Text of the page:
Love Is Seeing Her At Her Worst And Still Thinking She's The Best

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Love Is Seeing Her At Her Worst And STILL Thinking She's The Best

The beginnings of relationships are magical. You're both on your best behavior most of the time, trying to show off how impressive you can be. How clean your bathroom is, how stable your bank account stays, how often you floss your teeth.

The goal is to make it seem like you always have all your crap together — like you're a really functional person who never screws up in a big way, who's emotionally stable and always makes the right choices, but still has a catalog of hilarious stories about their wild "once upon a time" antics to illustrate how charming and impulsive they can be.

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In short, everyone starts out a relationship with the best intentions, even if those intentions involve blurring the truth a bit.

The truth is we're all kind of screw-ups, and even the best relationship advice around won't tell you that. Because when you're trying to figure out how to love someone, you need to realize that all of us have blind spots in our lives, and none of us have our crap together all the time. And eventually, if a relationship is going well, we have to deal with that coming to light.

It can be terrifying and traumatic the first time your new favorite person catches you in less-than-stellar behavior. When they see you pigging out on Cadbury Creme Eggs right before bed without brushing your teeth, or in the case of one charmer I knew in college, yanking an old t-shirt out from under the bed and smearing it with deodorant rather than doing some laundry.

All of these quirks we have, we don't have to be proud of them, ever. And yes, it's good to keep working on them: To remember to floss, to always pay your bills on time, to wash your dishes instead of letting them soak.

But they are nothing compared to the inevitable bad moment, the day that will come when it's not just about the little things but when you truly and royally lose your cool. When road rage takes over and your partner watches in horror as you tailgate some schmuck who flipped you off for ten blocks of a residential neighborhood. When you scream your head off at a telemarketer. When you tell them to f*** off after they've told you your new haircut is fine.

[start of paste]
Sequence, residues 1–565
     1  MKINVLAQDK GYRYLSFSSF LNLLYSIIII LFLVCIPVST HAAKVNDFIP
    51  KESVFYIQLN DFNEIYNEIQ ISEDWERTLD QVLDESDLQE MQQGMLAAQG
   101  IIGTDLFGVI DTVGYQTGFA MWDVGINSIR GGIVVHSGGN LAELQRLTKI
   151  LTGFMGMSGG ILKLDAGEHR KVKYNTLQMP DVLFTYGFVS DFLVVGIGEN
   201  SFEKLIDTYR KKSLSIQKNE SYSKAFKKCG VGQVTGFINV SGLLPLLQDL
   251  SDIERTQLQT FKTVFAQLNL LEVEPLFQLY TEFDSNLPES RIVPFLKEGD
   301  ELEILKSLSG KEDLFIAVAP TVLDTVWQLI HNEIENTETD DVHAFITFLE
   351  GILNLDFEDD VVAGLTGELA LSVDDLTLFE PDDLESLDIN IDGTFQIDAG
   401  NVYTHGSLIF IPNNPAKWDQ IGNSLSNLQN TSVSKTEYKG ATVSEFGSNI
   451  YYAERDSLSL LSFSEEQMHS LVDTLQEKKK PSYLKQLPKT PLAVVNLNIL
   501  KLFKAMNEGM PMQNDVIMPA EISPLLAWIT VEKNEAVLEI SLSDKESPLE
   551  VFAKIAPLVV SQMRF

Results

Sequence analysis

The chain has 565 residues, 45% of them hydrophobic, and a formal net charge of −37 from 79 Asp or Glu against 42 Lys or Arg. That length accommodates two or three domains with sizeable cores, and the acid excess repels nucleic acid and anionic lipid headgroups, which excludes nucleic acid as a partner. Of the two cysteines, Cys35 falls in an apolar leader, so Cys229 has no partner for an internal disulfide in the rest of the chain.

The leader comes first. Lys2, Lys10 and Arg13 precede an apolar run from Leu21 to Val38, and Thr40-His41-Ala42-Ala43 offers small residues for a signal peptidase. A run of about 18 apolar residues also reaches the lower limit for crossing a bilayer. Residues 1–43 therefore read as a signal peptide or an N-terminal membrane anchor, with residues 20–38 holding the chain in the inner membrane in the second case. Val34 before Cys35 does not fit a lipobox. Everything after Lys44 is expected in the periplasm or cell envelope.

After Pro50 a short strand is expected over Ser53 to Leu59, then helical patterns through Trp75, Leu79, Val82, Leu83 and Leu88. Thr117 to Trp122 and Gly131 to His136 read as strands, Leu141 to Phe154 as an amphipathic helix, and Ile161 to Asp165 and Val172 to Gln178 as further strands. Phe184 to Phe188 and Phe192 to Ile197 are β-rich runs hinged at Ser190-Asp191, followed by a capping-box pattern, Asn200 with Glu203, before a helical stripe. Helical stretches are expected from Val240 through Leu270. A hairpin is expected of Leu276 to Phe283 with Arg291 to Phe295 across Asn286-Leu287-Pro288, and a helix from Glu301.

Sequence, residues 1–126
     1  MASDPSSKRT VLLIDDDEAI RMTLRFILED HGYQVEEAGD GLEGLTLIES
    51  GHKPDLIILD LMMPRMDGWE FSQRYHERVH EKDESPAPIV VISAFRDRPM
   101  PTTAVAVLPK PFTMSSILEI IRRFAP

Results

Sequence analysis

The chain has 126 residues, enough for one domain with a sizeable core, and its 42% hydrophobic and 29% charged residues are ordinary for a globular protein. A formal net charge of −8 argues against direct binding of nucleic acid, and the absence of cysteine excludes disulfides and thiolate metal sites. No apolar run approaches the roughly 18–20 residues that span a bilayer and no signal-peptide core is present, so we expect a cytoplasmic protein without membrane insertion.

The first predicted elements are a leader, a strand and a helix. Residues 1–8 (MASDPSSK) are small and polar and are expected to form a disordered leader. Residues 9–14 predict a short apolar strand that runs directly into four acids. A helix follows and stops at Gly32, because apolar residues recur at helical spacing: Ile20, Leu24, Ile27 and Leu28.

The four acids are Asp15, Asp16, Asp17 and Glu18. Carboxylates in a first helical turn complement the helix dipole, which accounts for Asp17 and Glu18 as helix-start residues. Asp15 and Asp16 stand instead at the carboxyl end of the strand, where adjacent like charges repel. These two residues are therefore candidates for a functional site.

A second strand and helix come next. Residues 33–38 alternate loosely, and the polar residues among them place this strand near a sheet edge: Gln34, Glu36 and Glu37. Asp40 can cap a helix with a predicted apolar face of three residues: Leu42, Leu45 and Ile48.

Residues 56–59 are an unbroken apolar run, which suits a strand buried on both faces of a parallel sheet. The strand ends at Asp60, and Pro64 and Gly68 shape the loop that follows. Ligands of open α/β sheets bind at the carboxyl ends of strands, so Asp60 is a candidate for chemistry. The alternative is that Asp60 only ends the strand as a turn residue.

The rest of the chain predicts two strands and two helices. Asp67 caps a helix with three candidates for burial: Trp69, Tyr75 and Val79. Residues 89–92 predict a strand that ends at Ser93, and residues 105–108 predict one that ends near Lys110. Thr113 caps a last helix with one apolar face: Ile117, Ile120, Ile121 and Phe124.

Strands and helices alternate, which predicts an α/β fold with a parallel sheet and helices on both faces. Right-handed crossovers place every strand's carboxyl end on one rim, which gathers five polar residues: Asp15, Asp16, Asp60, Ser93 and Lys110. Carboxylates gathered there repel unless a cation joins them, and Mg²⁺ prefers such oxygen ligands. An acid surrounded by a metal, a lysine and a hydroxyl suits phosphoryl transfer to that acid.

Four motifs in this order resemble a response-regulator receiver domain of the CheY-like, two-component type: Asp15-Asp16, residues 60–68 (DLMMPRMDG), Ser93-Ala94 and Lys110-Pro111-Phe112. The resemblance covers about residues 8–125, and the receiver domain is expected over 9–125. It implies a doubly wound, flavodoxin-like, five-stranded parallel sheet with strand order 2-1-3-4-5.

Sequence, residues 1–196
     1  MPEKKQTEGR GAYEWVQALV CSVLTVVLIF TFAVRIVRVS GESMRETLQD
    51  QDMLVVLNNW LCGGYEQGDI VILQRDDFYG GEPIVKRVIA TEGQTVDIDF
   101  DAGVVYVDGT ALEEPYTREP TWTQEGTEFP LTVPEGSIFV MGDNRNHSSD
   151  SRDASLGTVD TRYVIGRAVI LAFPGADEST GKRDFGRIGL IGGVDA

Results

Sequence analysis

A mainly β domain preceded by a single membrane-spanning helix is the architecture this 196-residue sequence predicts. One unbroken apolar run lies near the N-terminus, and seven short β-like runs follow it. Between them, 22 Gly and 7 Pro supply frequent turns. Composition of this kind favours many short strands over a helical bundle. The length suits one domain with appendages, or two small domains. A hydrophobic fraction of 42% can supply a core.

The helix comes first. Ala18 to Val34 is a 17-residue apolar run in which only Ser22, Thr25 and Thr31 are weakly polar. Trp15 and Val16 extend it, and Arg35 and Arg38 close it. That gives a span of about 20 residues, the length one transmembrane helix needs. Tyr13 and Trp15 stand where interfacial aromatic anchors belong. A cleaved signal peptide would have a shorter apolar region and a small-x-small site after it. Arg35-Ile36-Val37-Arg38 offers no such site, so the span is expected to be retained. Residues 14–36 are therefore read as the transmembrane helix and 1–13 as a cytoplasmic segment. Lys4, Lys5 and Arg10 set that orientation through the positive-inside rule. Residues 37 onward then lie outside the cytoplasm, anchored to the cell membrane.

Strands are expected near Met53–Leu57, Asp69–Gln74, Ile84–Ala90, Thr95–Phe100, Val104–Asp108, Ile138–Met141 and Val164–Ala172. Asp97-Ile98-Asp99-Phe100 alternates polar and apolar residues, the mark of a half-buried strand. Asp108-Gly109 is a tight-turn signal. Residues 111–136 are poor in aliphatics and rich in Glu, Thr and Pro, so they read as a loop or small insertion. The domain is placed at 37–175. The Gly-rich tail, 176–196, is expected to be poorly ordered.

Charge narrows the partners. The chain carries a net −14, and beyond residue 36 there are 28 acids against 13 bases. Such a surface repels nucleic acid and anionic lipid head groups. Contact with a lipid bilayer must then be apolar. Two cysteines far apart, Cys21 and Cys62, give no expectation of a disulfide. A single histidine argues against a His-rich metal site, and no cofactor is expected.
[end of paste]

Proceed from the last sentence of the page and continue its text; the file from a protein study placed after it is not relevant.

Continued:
When this time comes — when you truly and royally lose your cool — that's when you know how solid your love is. Because that's when the person who loves you doesn't see a psychotic break, they see you.

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They see a person they know tries hard every day of their lives, but is having a hard time right now. They know that you've been having drama at work, or that you lost a parent, or that you're dealing with a chronic illness. They know that no matter what it is that's happening in your life to make you into a temporary jerk, that's not who you are.

True love is when you each see each other as flawed people, yes, but as people who can always do better, and always try, and sometimes simply can't anymore.

True love is when your partner doesn't yell at you for losing your cool, but gives you a hug, and tells you they love you, as little as you think you deserve it.

True love is when they see that nobody is more upset about your horrible behavior than you but that you've reached a breaking point where it's still literally the best you can do right now.

True love is when they hold your hand and tell you that you're being a jerk but that you don't have to fix it right now. Right now, you need to feel better, because they care more about whatever's wrong in your life that's causing a scene than the scene itself.

Seeing somebody at their worst can be ugly, can make you embarrassed to be around them while they're acting that way, can make you wonder where the wonderful person you were with yesterday went and who the hell took over their body and is making them act this way.

But seeing somebody you truly love in these moments is always more about concern than it is judgment. And true love is knowing the right moment to offer a kiss on the cheek and a whisper in their ear, "Whatever's wrong, we'll get through it together."

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Lea Grover is a writer and speaker living on Chicago's south side whose work has been featured in numerous anthologies and on sites ranging from Cosmopolitan to AlterNet to Woman's Day.